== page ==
I think, as creatives, it’s easy to get bogged down in doing work for others, so in occasionally doing things that come from our own passion can be a welcome release, and a really good way to inspire us. I’ve found that, in doing these side projects, I have so often been inspired to try different techniques and designs for my client work, too.
Looking around at other agencies, there are some examples of side projects that have been so successful, they have enabled the agency to take on completely new projects that they might never have had the opportunity to bid for under normal circumstances, like London agency, Accept & Proceed, who created a kinetic sculpture representing the impact of meteors on the surface of the moon that led to a commissioned project for NASA. Ok, so that might be an extreme example, but you never know…
Of course, there is no harm at all in flexing your creativity and working on a project just for the hell of it, even if it goes nowhere. It can teach you a lot – not just by playing around with different styles and techniques, but also giving you practice in new programmes which might not come up in your usual work. Unlike some industries, the graphic design field is ever-evolving, and it’s good to try out new ways of working now and again. It might give you the opportunity to incorporate a new service for your clients, or even take your agency in a different direction.
And they can be so varied – I’ve seen designers doing online courses teaching others simple design techniques, YouTube channels showcasing everything from ‘a day in the life’ to time-lapses of works in progress, blogs and magazines, photography…the list is endless.
Do what you love
I know what you’re thinking – if you are busy indulging your passions, doesn’t that pull you away from the money-making projects? And yes, of course that’s true, but if you don’t make time for creating your own stuff, then what’s going to inspire you if all you’re doing is working for clients? As a creative, you need an outlet, somewhere. After all, most of us got into this industry from a place of love for creation and design, and if we fail to keep doing what we love, then there’s a danger that working could become monotonous.
A fresh perspective – for you and your clients
Of course, there’s the added benefit of being able to show your clients a different side to what you do. If you’ve been designing as a job for a while, you tend to end up doing the same kinds of things, but think about this: what if the very client you are designing that website for is also in the market for some photography, or a new identity, a video…if they are not aware that you have a talent for those things, you could be missing out on a whole new set of projects.
All in all, I believe that there can be great things to come out of doing side projects. So why not plan for them? Even if it’s simply a one-off, or a few hours at the weekend? It could be great for both your mental health, and your career.
I wanted to talk about a subject that I touched upon in a couple of earlier articles, where I write about why I went back into education to complete my design MA, and then about being a designer working within a smaller community. I’ve been thinking a lot about my own working location, a small-ish market and college town, and how perhaps larger places have a much closer design community.
Shrewsbury, where I live and work is quite a unique, and in some respects, vibrant town. It comes with a lot of history, and is also a great hub for businesses.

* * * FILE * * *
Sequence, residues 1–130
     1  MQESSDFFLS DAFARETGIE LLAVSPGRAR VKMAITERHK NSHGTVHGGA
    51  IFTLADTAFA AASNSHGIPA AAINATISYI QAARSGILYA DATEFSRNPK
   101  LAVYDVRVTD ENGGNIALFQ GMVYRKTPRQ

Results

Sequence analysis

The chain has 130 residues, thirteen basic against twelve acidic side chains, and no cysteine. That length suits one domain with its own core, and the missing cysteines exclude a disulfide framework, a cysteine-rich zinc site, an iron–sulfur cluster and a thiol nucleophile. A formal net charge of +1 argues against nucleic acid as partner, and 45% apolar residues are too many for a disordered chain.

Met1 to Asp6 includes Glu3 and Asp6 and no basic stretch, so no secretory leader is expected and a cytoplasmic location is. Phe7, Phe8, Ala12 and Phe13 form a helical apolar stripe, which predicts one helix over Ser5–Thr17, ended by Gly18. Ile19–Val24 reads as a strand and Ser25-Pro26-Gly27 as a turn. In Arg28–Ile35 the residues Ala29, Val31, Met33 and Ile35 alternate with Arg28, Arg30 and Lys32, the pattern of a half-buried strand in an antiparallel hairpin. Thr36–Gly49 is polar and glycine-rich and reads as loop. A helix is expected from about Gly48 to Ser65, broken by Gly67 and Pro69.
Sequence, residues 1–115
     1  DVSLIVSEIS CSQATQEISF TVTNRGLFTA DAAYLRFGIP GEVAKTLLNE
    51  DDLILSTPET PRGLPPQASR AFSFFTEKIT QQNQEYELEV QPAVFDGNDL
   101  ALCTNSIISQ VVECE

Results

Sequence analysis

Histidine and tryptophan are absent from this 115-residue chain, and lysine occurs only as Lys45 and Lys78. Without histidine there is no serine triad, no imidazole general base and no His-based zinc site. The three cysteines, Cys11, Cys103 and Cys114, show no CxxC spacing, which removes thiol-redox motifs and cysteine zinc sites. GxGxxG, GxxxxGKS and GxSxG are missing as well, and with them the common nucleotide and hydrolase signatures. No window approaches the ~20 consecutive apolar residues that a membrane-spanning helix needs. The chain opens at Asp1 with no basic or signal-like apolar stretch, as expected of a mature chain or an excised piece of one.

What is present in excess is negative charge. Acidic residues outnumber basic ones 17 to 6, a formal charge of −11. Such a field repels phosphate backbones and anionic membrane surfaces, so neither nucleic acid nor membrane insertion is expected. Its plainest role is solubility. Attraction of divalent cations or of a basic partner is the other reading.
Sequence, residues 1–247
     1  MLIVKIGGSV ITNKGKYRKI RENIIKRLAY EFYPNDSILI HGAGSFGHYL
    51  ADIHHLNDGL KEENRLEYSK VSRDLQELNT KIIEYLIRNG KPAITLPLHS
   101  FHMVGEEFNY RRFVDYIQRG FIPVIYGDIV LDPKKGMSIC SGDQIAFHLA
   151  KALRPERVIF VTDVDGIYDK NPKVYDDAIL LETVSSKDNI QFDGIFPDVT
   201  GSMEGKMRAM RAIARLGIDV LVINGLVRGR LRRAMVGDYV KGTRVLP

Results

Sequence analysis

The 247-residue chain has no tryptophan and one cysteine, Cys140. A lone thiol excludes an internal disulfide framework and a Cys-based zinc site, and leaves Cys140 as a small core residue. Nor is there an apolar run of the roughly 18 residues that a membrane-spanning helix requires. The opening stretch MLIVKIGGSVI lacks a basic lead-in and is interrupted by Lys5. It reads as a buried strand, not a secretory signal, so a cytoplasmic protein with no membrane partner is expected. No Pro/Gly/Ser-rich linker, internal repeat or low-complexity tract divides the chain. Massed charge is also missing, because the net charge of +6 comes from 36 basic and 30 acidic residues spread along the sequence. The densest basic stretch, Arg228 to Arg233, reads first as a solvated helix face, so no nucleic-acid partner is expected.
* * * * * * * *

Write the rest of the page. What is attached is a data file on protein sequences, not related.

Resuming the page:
What surprised me, though, is when I began to look around at my own industry, there really isn’t much of a community at all. It’s not for lack of designers or design agencies in the town – if you know where to look, there are some very successful designers here. But they seem to be quite isolated; hidden away from view. Seemingly keeping to ourselves, not through lack of interest, but more because we don’t go out of our way to know about each other. There is simply no interaction between us.
The discovery led me to look around, at other places, and how they have come together to collaborate and communicate, creating a ‘hub’ for their design communities. I looked at some of the most successful ones – the Graphic Design Festival Scotland, and closer by the Birmingham Design Festival. These designers seem to not only willingly collaborate, but celebrate doing so. They come together for events such as these – perhaps because, rather than see each other as competition, they see the value in working together on occasion, in pulling together to learn from one another, and creating their own ‘hub’ in their own communities.
The positives of design communities
There are many positives that can come from being part of a close design community – and creating local festivals and exhibitions to celebrate and collaborate. Of course, it does have the obvious benefit of showing off our work in order to give publicity to our individual studios – but I think it does much more than that.
Being so isolated, in many ways, can be such a negative. For starters, by working in such close quarters, you lose that sense of the world around you – you become self-absorbed in your own work. And yes, you might argue that we are all part of the ‘online’ community, but is that really the same thing? Is there really any substitute to getting to know what’s going on in the immediate community, what’s happening in your own industry, in your own town?
The opportunity to bounce ideas with each other, to learn for each other’s experiences, to come together to work on bigger projects, can only help us to thrive as designers.
Being part of such events as the ones mentioned above can be such a positive experience, a moral booster, and give us a sense of where we are going, as an industry collective. There’s such a lot we could learn from each other.